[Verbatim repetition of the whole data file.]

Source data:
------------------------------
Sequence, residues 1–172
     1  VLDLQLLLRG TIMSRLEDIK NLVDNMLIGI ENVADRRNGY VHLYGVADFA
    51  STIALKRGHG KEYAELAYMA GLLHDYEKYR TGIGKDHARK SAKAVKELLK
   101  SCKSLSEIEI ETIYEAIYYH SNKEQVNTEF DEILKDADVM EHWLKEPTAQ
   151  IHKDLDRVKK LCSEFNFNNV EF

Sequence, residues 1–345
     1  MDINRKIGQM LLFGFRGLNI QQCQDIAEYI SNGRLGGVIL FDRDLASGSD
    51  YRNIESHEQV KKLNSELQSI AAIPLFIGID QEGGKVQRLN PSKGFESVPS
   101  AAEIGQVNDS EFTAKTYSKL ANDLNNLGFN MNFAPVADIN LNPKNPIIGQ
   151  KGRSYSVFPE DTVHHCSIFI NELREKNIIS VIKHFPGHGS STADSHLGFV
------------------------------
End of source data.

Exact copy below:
Sequence, residues 1–172
     1  VLDLQLLLRG TIMSRLEDIK NLVDNMLIGI ENVADRRNGY VHLYGVADFA
    51  STIALKRGHG KEYAELAYMA GLLHDYEKYR TGIGKDHARK SAKAVKELLK
   101  SCKSLSEIEI ETIYEAIYYH SNKEQVNTEF DEILKDADVM EHWLKEPTAQ
   151  IHKDLDRVKK LCSEFNFNNV EF

Sequence, residues 1–345
     1  MDINRKIGQM LLFGFRGLNI QQCQDIAEYI SNGRLGGVIL FDRDLASGSD
    51  YRNIESHEQV KKLNSELQSI AAIPLFIGID QEGGKVQRLN PSKGFESVPS
   101  AAEIGQVNDS EFTAKTYSKL ANDLNNLGFN MNFAPVADIN LNPKNPIIGQ
   151  KGRSYSVFPE DTVHHCSIFI NELREKNIIS VIKHFPGHGS STADSHLGFV